Here's Why Pasture-Raised Turkeys Are So Expensive
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Thanksgiving means different things to different people, but for a turkey none of it is joyful. This time of year, the bird’s life serves but one purpose: to feed our families in the traditional feast of thanks. No matter which way you slice it, the turkey gets the short end of the deal during the holiday season — but there are some birds that fare better than others. The luckier of the turkeys are those that had the good fortune to have been raised on pasture at a small-scale farm — at least they lived a life in the open air before meeting their end. There is a downfall to the pasture-raised turkey: the steep price tag. A commercial Butterball turkey will cost about $30 for a 20-pound bird, but the price hits closer to $120 for the same size bird raised on open fields.
Despite the price hurdle, the past two decades have given way to a steady rise of small farms that are working to change our current big Ag, factory farm food system. The Butterball scandals brought to light by animal welfare advocacy group Mercy for Animals in 2011 and 2012 is a testament to the importance of that shift (especially since Butterball provides the nation with roughly 13.4 million turkeys each Thanksgiving). The advocacy group revealed the abuse turkeys undergo in factory farming environments. These are horrors that no creature with a beating heart should have to endure, from extreme physical abuse to maggot-infested living conditions — and in some extreme cases, being ground up while still alive. These nightmarish images are reminiscent of Upton Sinclair’s “The Jungle,” but they aren’t stories from the Industrial Revolution; they are happening today.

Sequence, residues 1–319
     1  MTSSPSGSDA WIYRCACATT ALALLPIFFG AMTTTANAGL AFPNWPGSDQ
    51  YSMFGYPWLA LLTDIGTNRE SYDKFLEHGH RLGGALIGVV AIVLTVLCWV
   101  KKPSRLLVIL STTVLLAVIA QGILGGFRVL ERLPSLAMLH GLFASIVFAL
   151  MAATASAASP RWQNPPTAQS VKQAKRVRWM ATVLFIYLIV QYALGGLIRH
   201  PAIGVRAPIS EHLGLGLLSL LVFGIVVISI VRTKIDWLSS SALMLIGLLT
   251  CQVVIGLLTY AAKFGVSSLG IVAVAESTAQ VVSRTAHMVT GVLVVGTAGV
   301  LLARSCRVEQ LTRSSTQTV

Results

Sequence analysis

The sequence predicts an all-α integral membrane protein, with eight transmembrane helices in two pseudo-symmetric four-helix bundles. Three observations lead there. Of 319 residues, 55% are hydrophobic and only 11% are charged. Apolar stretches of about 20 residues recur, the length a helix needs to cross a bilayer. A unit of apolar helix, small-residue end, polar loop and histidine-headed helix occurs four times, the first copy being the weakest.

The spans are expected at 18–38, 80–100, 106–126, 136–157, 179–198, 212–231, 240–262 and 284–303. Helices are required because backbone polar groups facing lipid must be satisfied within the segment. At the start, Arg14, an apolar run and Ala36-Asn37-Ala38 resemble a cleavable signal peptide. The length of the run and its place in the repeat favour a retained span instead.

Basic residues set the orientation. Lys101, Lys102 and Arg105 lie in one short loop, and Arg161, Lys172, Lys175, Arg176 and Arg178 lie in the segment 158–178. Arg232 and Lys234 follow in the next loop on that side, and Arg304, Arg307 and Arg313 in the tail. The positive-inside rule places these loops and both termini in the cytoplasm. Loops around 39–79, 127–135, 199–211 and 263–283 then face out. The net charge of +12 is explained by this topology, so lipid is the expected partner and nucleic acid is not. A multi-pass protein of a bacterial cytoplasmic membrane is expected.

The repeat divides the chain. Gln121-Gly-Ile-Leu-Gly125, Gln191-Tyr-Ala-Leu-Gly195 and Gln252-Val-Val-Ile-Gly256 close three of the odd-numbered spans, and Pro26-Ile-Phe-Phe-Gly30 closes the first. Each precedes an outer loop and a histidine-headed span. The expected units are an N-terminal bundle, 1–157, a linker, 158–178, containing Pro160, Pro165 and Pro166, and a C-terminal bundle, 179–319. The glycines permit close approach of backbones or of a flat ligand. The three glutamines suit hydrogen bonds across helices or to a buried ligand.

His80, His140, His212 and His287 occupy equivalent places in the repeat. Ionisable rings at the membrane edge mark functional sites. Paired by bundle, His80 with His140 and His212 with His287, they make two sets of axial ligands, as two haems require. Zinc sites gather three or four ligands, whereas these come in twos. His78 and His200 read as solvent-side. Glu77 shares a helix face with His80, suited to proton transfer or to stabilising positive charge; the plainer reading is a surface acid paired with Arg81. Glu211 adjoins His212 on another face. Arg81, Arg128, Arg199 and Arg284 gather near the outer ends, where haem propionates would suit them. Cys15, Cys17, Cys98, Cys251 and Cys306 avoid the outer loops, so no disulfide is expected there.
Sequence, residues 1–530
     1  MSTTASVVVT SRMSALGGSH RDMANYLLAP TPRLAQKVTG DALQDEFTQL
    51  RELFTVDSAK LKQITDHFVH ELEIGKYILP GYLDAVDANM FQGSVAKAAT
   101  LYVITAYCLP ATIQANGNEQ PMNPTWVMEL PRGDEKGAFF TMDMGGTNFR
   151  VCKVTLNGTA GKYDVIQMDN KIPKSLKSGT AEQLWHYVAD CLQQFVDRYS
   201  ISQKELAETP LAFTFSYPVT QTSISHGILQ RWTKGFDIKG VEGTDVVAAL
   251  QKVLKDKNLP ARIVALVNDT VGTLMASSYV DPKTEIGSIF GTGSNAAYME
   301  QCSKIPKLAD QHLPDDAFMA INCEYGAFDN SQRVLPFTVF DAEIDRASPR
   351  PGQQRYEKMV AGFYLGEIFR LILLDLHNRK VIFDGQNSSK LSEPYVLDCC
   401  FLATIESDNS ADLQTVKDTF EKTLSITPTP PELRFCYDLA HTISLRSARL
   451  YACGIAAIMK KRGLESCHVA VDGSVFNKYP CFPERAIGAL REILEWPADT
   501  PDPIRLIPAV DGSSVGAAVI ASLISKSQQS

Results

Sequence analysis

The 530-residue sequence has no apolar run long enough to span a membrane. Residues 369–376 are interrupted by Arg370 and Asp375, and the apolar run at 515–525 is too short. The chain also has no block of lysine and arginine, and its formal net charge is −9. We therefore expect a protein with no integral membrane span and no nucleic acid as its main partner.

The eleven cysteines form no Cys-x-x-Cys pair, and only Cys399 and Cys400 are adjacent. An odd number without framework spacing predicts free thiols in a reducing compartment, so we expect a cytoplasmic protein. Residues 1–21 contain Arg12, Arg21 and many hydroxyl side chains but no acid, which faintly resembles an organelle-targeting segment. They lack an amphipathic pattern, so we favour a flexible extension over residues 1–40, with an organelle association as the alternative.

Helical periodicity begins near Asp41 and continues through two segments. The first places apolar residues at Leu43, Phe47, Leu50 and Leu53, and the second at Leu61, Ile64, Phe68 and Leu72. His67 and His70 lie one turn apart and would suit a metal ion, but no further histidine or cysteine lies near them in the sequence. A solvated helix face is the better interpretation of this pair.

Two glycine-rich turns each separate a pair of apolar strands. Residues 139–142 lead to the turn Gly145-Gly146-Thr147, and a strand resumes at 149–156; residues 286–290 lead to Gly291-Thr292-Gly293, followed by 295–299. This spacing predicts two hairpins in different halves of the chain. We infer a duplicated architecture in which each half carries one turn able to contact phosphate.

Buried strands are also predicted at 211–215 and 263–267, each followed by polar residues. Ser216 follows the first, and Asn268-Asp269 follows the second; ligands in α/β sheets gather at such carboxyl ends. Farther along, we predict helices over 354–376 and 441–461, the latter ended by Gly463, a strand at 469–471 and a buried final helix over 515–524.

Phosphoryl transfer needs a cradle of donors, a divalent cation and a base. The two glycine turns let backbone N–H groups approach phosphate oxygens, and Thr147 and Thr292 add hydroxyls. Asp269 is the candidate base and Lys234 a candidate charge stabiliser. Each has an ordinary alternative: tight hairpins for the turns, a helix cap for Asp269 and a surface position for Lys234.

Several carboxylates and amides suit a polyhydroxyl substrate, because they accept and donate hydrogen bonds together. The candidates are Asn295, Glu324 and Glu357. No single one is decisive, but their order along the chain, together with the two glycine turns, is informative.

The severe mistreatment of turkeys paints a dark stain on the entire meal. It’s during these times that the importance of small farms, where humanely raised actually means something, can so clearly be felt — although it is a standard that should be held year round. And it’s why the rare small farm that has slowed down and preserved its principles becomes such a treasured part of the community, such as Pete and Jen’s Backyard Birds in Sudbury, MA.
Pete and Jen’s Backyard Birds began in 2003 by Pete Lowy and Jen Hashley just raising chickens in their, well, backyard for personal use. As time went on, they began selling their excess eggs to friends, meat birds (chickens raised for eating) soon followed, and before they knew it they were raising 200 meat birds at a time and 90 turkeys for the holiday — as well as rabbit, hog and capon. That might not seem like a notable operation in terms of scale, but a closer look at quality tells you that this is significant.
Pete and Jen not only feed their turkeys on pasture, but they’re feasting on fresh pea tendrils too — the kind a trendy New York restaurant will plate with ramps, call it a spring salad and charge you $18 a head for. The birds also eat grain, as well as grit (basically, rocks). They roam in an enclosed area with what is probably the greatest salad bar in all of America. A couple of times a week, once the turkeys have mowed down their salad of fresh greens, they’re moved to another location with fresh tall greens for grazing. Take a look: